FTIR and XRD analyses of the precursors and the typical heat-treated samples
were carried out to understand the processes occurring at various stages during
heating to obtain phase pure YAG. Precursors from all the reactions exhibited
dehydration of adsorbed moisture in the temperature range of 30 to 300°C.
The precursor from nitrate–glycine reaction with stoichiometric amount
of fuel (precursor- A) contained entrapped oxides of carbon (CO and CO2)
and a carbonaceous contaminant. It exhibited burning away of the carbonaceous
contaminant and crystallization to pure YAG accompanied by loss of oxides
of carbon in the temperature ranges of 400 to 600 and 880 to 1050°C. The
precursor from simple decomposition of nitrates (precursor-B) exhibited denitration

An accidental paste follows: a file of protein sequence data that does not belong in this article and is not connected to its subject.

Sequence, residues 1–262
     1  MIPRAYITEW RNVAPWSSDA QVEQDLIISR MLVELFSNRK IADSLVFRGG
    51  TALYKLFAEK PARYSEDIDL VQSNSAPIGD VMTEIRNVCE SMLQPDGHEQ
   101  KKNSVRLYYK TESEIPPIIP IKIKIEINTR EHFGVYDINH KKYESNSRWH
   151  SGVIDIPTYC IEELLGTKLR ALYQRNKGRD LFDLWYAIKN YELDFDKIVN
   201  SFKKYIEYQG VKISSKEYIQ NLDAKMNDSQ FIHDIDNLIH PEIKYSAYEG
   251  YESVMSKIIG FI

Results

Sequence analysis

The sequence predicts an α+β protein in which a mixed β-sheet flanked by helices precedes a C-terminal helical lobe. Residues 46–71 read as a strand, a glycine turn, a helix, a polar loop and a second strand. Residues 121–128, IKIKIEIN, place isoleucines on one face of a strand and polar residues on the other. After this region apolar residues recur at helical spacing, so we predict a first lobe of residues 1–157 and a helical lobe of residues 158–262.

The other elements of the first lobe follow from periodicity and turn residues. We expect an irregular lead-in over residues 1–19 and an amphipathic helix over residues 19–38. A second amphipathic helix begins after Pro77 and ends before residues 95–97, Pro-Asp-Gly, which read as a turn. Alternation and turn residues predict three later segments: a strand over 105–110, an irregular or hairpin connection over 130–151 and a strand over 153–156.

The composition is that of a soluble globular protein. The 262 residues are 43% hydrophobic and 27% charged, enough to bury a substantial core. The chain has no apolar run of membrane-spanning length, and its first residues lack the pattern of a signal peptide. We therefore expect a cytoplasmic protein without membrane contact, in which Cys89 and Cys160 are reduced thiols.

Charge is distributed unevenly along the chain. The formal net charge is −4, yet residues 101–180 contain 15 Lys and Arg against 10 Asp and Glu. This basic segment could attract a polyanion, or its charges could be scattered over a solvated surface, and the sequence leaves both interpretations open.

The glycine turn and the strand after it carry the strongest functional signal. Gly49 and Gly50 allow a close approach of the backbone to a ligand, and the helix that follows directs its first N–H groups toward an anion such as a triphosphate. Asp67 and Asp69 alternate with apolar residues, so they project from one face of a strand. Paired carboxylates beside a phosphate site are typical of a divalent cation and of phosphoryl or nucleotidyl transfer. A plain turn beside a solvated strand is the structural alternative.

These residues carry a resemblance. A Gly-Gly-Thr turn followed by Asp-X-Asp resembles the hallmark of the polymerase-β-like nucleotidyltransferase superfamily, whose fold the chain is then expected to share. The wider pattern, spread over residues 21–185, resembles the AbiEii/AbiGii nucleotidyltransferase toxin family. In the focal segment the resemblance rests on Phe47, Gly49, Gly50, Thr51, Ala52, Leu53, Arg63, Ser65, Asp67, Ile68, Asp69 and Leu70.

cum dehydroxylation and crystallization in the temperature ranges of 300 to
600 and 850 to 1050°C. The precursor from nitrate–glycine reaction
with sub-stoichiometric amount of fuel (precursor-C) contained entrapped carbon
dioxide and exhibited its release during crystallization in the temperature
range of 850 to 1050°C. This study established that, in case of metal
nitrate–glycine combustion reactions, crystalline YAG formation occurs
from an amorphous compound with entrapped oxides of carbon. In case of simple
decomposition of metal nitrates, formation of crystalline YAG occurs from
an amorphous oxide intermediate.
In this study, four oil-shale samples (Niğde-Ulukışla) excavated from Central Anatolia Turkey were analyzed where this region
is believed to have a high potential of oil in its shale rich outcrops. The samples (∼40 g) were combusted at 50 psi gas injection